An ECF grant helps the Interfaith Housing Initiative provide support to newcomers
For many, the nonprofits and professional agencies that make up our social safety net have been a lifeblood during the COVID pandemic — people quite simply would not have survived without their help and support. And yet an unfortunate truth is that, to feel like someone who is not just living, but living in a community, you need more than just a dedicated professional; you need friends and neighbours who are willing to lend their hands and shoulders.
This fellow-feeling is the goal of the Interfaith Housing Initiative’s Help is Next Door program.
“Loving our neighbours is a command for many of us — we wanted to think about how could we help create that local community of care that goes beyond just professional help,” explains Michael Van Boom, the Network Animator for the Capital Region Interfaith Housing Initiative. “We want to feel rooted to our common values of community. Because no matter where you’re from, you were part of a community that cared.”
The Initiative tends to help newcomers of one kind or another, whether they are new to the city or to housing in general. They found that in the early days of the pandemic, the isolation and rootlessness that often accompanies a new situation had been especially acute.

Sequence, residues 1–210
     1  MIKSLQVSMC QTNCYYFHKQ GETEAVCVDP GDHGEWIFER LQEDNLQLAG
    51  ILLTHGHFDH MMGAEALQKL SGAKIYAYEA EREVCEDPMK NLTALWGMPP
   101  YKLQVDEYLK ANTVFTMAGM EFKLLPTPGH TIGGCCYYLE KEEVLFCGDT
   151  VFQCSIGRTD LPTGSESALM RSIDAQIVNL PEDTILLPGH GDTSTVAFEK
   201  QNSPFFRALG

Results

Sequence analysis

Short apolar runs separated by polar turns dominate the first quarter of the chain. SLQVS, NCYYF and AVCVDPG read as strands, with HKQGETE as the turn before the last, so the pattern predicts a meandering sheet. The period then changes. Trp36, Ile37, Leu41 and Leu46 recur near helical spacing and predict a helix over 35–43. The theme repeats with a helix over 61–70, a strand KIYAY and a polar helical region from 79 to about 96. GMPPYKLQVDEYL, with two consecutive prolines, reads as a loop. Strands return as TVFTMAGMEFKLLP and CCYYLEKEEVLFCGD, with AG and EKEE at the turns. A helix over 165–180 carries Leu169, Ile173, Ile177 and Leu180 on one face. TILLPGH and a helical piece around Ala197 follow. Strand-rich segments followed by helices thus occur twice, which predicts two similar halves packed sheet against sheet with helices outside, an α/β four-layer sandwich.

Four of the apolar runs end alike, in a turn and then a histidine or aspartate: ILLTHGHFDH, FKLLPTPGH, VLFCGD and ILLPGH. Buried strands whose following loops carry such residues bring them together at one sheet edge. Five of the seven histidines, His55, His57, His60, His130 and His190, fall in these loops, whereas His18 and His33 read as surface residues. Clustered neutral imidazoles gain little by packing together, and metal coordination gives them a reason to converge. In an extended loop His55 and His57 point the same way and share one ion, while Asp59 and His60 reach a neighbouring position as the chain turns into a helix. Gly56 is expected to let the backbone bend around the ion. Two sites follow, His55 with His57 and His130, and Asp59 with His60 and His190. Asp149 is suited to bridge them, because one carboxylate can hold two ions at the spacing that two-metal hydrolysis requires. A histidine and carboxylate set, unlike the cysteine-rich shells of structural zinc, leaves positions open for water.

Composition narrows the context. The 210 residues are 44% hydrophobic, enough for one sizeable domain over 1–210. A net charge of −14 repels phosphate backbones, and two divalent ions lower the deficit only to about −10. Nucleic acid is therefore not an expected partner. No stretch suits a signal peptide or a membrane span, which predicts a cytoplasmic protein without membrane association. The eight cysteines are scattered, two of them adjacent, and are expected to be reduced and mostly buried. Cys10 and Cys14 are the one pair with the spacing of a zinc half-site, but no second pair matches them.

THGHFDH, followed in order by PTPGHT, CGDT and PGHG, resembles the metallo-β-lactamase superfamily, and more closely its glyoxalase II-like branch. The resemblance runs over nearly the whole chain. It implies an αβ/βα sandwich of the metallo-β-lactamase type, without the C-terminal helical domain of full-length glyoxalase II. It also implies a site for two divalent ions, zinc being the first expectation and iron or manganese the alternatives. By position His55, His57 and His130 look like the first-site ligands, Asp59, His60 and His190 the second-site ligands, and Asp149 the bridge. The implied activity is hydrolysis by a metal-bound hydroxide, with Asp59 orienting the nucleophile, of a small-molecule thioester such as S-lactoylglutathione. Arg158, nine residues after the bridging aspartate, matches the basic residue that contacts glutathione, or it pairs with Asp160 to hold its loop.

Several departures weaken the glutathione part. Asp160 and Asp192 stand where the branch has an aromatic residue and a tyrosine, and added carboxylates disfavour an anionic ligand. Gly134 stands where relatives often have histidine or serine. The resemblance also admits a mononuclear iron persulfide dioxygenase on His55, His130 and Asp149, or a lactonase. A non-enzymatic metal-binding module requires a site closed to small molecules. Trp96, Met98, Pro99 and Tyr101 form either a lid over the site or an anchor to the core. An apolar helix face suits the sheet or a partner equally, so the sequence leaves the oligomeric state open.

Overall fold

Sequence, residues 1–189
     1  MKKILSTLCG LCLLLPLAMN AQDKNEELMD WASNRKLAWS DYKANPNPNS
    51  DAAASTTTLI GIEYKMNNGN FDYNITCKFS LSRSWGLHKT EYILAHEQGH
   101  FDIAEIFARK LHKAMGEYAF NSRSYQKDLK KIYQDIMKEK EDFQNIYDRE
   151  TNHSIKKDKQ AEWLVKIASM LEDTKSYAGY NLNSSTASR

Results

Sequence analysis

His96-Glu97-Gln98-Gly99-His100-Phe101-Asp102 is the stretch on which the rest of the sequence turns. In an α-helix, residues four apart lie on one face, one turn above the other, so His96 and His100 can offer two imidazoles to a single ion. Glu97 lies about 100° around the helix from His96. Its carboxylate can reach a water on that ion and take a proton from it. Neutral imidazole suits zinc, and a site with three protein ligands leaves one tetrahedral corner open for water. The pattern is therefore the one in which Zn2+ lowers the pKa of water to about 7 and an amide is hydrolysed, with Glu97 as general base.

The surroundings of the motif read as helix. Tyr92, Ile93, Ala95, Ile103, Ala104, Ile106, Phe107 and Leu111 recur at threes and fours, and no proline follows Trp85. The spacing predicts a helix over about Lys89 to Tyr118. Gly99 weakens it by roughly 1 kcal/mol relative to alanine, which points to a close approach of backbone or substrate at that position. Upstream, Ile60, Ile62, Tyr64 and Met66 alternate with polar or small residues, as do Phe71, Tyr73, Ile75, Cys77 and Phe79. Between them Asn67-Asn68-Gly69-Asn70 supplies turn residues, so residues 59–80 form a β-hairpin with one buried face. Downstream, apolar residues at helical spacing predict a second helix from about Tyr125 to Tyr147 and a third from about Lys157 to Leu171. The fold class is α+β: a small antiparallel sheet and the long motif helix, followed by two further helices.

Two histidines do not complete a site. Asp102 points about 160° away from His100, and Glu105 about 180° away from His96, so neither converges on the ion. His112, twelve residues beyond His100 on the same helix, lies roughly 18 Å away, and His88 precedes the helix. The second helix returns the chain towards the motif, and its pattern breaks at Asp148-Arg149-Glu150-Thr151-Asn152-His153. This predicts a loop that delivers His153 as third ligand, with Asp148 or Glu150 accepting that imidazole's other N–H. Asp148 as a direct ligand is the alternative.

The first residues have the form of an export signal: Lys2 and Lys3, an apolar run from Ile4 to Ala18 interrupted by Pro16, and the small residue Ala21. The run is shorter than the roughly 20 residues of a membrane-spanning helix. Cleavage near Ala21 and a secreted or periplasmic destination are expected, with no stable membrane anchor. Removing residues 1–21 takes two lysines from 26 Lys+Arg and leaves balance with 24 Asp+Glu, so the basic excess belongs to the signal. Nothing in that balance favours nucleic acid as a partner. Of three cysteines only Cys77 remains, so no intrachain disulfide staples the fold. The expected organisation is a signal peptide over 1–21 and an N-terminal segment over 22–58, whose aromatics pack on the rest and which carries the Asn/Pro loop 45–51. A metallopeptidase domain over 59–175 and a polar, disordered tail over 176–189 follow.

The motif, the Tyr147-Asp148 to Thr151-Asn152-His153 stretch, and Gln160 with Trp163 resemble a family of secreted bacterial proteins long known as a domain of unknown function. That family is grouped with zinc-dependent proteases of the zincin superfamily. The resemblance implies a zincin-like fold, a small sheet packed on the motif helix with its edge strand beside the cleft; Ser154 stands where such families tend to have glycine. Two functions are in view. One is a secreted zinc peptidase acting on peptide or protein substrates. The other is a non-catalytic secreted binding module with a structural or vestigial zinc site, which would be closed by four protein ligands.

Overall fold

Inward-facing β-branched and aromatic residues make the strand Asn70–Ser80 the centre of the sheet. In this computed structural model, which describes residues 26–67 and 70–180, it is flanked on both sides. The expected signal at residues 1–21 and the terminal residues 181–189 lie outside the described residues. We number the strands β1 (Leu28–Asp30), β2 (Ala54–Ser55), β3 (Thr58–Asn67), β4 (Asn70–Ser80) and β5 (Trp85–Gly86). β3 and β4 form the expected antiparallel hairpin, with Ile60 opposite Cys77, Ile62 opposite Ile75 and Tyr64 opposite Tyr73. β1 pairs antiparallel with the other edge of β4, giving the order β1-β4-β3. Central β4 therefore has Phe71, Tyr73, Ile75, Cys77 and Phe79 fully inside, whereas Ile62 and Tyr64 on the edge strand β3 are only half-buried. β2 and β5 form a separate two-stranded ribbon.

“We were hearing about newcomer families staying inside all day long, in some cases five kids in a three-bedroom apartment,” says Van Boom. “They can’t get out and interact, their family is a long way away, and they need some kind of connection.”
With a $37,000 grant from Edmonton Community Foundation (ECF), the Initiative was able to create a host of resources to help people connect with their community, with a cross-section of language and cultural interpretations to help break down the barriers between neighbours.
“Newcomers in Edmonton already face many challenges settling into their new home,” Nneka Otogbolu, ECF’s Director of Communications and Equity Strategy, says. “This grant will help provide key assistance to those who need it most.”
Though the full program will launch early in 2021, Yvonne Lee has already started to feel the effects of its neighbourliness. Working as a cultural translator on the project, she was able to use her experience as a newcomer to Edmonton more than a decade ago, and the disconnect she felt when she lost her job due to COVID, to find a way to help people come together again.
“I have received a lot of kindness during my difficult time, and I wished I could carry on this kindness to others,” says Lee, who adds that working on the project has helped her get over her own feelings of isolation and depression due to the pandemic. “I might not be able to financially help others anymore, but I can give my heart to others. I’m so grateful I have the opportunity to do this.”
Learn more about ECF’s COVID-19 response.